--Don’t worry, the pope’s in here. Except it’s not such a good time for his cred. Besides, if you’re a solid, core-values person, the whole piece is about charity and good will. Charity and good will for the one quarter of one percent of the population with estates in excess of seven million dollars.
--He gets all that into his article?
--I confess I am expanding a bit. Extrapolating from what’s here. The thing that sets me off isn’t so much the point of view. It’s the absolute dependence on cliché. With few exceptions, the whole thing is composed of catch phrases.
--Isn’t “catch phrase” a catch phrase?
--Uh oh. A tea-party wit, right here in my own sovereign home. In one of America’s “50 sovereign, independent states, each ruled by ‘we the people.’”
--Is there anything about health care being shoved or forced down our throats? That’s a favorite.
--No. “Rammed” takes the place of shoved down our throats. The Democrats are planning to “ram through amnesty for illegal immigrants, cap-and-trade, and union card-check legislation.”
--No, we certainly don’t want anyone being invited to join a union.
--Not unless we favor “America’s slide toward socialism.”
--I sure don’t.
--Good, neither do I. You can go to work on the signs. I’ll get started fixing up our hats.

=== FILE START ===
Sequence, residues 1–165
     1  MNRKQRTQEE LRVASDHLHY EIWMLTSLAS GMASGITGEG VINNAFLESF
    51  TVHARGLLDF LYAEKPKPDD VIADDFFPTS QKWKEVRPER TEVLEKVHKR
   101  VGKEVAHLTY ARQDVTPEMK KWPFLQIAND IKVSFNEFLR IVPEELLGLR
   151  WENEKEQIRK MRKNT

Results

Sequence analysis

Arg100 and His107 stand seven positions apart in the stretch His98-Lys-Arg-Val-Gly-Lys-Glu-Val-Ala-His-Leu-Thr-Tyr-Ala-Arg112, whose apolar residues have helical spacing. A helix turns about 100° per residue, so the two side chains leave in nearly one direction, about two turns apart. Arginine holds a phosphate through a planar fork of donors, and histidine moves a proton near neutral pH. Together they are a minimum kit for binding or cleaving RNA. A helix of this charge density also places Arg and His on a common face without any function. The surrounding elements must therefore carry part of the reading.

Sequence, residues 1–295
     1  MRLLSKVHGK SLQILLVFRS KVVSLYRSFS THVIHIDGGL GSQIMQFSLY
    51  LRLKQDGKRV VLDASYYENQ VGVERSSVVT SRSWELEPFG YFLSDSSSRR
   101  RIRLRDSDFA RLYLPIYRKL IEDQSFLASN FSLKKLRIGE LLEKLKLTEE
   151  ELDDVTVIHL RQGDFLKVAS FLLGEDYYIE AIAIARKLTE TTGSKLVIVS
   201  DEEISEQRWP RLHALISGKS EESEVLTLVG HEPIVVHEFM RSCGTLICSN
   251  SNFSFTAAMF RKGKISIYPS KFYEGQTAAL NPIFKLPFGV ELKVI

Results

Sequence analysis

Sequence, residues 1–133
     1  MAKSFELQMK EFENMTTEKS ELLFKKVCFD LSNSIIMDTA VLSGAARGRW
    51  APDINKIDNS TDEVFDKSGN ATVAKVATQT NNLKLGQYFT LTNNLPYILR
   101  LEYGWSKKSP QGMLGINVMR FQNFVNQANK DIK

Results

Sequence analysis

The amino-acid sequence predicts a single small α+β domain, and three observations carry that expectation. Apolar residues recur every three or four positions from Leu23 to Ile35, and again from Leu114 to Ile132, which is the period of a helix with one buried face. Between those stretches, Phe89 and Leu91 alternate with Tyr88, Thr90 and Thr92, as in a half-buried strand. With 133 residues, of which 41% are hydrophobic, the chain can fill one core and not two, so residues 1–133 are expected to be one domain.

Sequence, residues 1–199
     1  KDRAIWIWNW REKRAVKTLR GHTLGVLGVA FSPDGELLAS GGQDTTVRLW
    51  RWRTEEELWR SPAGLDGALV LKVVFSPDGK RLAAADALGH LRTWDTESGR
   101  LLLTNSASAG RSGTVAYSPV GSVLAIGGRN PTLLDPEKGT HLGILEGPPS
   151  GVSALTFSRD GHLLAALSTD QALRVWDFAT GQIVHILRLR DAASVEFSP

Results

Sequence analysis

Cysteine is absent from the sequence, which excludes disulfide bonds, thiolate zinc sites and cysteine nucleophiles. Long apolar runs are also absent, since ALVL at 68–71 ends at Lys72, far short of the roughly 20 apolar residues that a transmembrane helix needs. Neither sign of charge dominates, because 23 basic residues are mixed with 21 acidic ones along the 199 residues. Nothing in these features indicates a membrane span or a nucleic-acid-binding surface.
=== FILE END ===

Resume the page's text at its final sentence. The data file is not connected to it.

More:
1. The letters to the editor make me crazy, too, and yet I keep on reading them. And then, I talk back to them, as though the writers of the letters can hear me. That's how I know they make me crazy.

  2. Well, how can I not love such a wise and intelligent voice? Especially, from a fellow "coffee" drinker. I share your views entirely and your way of expressing them delightful.

  3. What a great post! I love your stuff, guys!
    I always read the letters to the editor. I find them fascinating. I also think Jayne's "coffee drinker" self description is wonderful!

  4. I so very much enjoy agreeing with you and I do, entirely, here. Good, mad, snarky fun...my favorite kind.

  5. Betty-
    Your comment is very close to home. What Barbara too often hears is me carrying on debates with no one else in the room. I'm sure it has to be unsettling for her. Or was, until she accepted it. But you aren't really "there" yet, unless you are stopping for answers before continuing. I mean answers from the Little Friend you're trying to educate. Then you will have arrived at full-throttle looniness.
    Thank you for visiting, and for your generous comment. Until we bought our winter place in Florida, Barbara and I had both lived our entire lives in the liberal atmosphere of southeastern Michigan. In other words, we were ignorant of the "dark side." As far as I can tell, it's become progressively (no pun intended) darker since the first of the great Republican trickle-down carny barkers, Ronald Reagan.

  6. Chlost-
    A conscientious reading of the front section of the paper before I read the letters to the editor is the only comfort I can take from my behavior. If I ever catch myself going to the letters first, I will contact someone in South Carolina and ask her for a short list of therapists in the Naples area.
    If anyone as clear-headed as you didn't agree with me, I'd have to go back to the drawing board.